Geomagnetic Storm (G2) Predicted, Auroras as low as New York

sun 2/12/14

Update 2/14/14 – A series of CMEs will be hitting earths protective magnetic field an may put on a good show for Aurora watchers. NOAA forecasters estimate a 75% chance of polar geomagnetic storms on Feb. 15th. There are three CMEs bound for Earth two of which have merged and formed one large CME. If your in the northern latitudes me sure to take a look, you might get a good show!

2/12/14 = A moderate Geomagnetic storm is predicted within the next few days. This could cause the auroras to light up the sky as low as New York. The most likely cause of this event is from the large sun spot 1974 seen to the left almost the dead center of the sun pointed directly at Earth.

See Warning details below:

Issue Time: 2014 Feb 12 2028 UTC

WATCH: Geomagnetic Storm Category G2 Predicted

Highest Storm Level Predicted by Day:
Feb 13: None (Below G1) Feb 14: G1 (Minor) Feb 15: G2 (Moderate)

Potential Impacts: Area of impact primarily poleward of 55 degrees Geomagnetic Latitude.
Induced Currents – Power grid fluctuations can occur. High-latitude power systems may experience voltage alarms.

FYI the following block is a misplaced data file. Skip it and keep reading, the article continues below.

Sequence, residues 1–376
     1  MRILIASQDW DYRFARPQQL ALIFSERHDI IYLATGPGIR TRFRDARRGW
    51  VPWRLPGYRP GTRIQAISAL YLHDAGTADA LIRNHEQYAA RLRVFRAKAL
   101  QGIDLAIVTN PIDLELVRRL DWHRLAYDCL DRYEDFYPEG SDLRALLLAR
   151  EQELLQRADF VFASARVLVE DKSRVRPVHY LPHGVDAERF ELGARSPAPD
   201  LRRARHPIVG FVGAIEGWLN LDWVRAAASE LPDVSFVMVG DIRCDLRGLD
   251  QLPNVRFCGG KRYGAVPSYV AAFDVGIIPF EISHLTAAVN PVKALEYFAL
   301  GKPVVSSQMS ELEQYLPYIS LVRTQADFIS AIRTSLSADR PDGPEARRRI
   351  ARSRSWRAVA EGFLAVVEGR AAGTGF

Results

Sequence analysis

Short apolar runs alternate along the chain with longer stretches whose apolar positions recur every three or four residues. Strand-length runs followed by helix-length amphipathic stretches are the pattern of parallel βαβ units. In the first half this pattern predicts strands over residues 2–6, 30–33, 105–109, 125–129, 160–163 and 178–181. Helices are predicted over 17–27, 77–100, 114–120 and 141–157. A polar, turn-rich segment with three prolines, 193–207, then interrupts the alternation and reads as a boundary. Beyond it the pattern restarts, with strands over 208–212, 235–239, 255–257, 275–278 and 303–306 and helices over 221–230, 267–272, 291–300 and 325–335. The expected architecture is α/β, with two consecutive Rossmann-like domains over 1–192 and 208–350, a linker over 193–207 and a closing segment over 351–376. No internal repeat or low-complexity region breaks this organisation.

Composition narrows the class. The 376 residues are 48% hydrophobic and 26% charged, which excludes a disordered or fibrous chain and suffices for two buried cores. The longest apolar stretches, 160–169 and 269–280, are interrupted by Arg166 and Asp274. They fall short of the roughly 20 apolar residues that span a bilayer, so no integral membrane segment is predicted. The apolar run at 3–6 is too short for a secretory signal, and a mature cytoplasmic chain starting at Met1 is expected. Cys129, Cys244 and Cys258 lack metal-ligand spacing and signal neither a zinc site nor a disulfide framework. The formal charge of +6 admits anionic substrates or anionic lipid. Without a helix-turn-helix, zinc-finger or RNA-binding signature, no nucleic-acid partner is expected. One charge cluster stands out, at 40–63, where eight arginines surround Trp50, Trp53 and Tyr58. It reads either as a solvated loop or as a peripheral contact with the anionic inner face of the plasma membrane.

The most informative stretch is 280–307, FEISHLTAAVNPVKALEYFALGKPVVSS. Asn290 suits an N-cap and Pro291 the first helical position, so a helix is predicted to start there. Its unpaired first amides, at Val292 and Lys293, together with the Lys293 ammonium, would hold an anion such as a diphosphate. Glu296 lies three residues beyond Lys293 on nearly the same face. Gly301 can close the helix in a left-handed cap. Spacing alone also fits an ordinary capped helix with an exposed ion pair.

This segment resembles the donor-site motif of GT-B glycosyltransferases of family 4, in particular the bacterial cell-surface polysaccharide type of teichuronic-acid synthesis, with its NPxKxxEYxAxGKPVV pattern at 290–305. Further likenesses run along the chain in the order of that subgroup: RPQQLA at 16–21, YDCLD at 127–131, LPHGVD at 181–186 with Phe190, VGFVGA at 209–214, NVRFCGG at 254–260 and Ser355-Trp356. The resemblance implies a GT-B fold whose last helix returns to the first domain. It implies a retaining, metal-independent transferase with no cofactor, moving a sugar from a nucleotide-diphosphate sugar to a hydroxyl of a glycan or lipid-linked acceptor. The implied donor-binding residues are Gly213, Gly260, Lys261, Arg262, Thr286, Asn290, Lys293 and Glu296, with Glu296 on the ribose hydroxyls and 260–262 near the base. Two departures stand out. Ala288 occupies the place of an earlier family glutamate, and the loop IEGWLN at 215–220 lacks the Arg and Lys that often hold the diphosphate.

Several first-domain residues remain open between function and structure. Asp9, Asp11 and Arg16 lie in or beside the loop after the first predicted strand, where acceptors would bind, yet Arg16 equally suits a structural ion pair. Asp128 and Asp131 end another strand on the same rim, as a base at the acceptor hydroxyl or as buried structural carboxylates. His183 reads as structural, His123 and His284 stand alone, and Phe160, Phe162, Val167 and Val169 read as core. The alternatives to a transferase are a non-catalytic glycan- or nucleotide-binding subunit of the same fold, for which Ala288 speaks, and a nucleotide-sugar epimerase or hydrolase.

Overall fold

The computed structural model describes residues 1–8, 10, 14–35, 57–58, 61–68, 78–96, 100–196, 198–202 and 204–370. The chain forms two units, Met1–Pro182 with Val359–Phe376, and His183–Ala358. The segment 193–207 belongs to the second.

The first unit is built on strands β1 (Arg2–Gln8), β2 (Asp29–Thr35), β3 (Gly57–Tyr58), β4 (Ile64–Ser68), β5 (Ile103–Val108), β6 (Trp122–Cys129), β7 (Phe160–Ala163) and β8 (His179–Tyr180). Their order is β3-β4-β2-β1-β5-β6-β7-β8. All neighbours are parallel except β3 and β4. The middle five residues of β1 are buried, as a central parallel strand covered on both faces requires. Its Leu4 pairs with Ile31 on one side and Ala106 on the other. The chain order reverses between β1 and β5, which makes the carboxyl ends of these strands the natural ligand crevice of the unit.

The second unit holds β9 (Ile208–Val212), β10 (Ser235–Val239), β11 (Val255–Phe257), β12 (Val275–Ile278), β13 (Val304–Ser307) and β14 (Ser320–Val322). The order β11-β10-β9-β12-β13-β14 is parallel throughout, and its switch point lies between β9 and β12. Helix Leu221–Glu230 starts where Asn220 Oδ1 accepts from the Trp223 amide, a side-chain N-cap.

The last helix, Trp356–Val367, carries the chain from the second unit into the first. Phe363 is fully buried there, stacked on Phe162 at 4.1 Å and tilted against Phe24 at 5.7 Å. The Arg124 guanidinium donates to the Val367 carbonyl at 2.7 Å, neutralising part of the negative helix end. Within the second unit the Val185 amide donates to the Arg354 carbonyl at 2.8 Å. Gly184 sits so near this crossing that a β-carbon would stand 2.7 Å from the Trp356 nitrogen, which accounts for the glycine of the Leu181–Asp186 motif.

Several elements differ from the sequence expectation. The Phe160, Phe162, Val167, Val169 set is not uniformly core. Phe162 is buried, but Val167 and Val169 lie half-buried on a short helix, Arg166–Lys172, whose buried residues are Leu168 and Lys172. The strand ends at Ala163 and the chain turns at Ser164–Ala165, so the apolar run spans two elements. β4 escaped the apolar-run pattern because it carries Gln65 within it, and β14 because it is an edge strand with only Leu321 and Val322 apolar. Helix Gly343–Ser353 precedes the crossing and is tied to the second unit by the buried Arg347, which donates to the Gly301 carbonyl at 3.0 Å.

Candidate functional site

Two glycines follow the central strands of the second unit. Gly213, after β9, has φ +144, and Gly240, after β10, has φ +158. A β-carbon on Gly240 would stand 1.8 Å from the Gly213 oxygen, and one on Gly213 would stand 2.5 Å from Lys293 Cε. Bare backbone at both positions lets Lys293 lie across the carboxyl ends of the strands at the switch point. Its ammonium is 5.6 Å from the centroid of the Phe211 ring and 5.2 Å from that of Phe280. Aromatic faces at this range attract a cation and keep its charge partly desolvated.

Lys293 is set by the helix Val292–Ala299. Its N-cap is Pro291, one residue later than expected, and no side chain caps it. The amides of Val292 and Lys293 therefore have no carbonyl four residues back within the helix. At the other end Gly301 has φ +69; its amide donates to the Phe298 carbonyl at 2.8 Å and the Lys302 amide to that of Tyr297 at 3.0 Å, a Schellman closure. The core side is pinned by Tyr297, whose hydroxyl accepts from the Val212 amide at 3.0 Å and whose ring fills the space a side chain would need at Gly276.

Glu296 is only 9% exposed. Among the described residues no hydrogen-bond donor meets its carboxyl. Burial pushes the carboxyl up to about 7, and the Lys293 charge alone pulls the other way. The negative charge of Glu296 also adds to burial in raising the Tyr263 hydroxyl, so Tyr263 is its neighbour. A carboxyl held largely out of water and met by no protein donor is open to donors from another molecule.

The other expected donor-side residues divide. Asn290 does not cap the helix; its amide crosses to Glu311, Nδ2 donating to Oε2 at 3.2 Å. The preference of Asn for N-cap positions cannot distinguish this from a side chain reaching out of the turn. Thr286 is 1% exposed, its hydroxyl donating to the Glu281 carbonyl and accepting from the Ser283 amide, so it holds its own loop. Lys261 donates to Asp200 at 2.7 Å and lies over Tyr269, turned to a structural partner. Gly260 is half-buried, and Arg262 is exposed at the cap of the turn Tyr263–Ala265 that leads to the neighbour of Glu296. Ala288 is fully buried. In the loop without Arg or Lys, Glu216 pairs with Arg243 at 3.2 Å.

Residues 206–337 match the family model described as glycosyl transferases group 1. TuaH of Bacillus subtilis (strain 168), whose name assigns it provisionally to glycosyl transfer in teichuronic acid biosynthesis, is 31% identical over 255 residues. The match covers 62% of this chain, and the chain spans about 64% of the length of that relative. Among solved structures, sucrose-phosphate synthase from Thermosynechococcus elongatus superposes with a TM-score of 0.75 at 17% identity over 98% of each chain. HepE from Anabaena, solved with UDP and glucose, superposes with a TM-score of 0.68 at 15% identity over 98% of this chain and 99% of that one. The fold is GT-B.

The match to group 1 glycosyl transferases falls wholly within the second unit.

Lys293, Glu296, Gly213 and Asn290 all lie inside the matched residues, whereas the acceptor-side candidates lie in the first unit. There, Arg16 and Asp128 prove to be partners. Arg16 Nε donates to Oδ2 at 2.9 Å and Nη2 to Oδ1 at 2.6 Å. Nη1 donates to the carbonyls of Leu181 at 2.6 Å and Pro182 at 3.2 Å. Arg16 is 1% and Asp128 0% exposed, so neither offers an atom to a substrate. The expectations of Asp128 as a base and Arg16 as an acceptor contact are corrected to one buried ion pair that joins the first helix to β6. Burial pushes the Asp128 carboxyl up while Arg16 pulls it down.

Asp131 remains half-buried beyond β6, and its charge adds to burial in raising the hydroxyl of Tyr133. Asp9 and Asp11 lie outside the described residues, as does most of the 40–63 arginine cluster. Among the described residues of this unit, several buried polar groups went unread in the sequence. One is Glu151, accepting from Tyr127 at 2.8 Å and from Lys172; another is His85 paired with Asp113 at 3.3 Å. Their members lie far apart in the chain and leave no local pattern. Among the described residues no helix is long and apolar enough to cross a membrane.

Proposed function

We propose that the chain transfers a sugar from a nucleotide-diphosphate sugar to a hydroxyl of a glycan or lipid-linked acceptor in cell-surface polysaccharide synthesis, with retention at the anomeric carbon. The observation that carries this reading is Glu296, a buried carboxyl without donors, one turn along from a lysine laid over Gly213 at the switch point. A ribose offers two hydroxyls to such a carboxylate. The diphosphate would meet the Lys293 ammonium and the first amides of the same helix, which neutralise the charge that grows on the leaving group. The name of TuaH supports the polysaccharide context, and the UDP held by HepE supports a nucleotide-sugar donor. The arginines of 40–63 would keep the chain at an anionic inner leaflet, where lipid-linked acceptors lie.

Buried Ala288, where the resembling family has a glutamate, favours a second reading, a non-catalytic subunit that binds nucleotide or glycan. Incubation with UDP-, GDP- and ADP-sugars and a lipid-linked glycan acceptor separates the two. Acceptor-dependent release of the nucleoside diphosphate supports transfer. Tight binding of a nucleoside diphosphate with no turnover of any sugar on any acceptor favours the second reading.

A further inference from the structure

Spacecraft – Satellite orientation irregularities may occur; increased drag on low Earth-orbit satellites is possible.
Radio – HF (high frequency) radio propagation can fade at higher latitudes.
Aurora – Aurora may be seen as low as New York to Wisconsin to Washington state.


Sunspot 1974 can be seen almost directly facing Earth

Aurora viewing updates can be seen on the KnowledgeOrb Aurora viewing page.

NOAA Space Weather Scales (meaning of R1,
S1, Etc.) can be found at
For more detailed current Space Weather visit KnowledgeOrb Space Weather at

About the author

Recipient of many prestigious NASA Awards including the Exceptional Public Service Medal and the Robert H. Goddard award. Experience includes working for NASA, as a contractor, in satellite design, construction and operations. Expert in the satellite operations concepts and ground systems including command, control, and science data processing.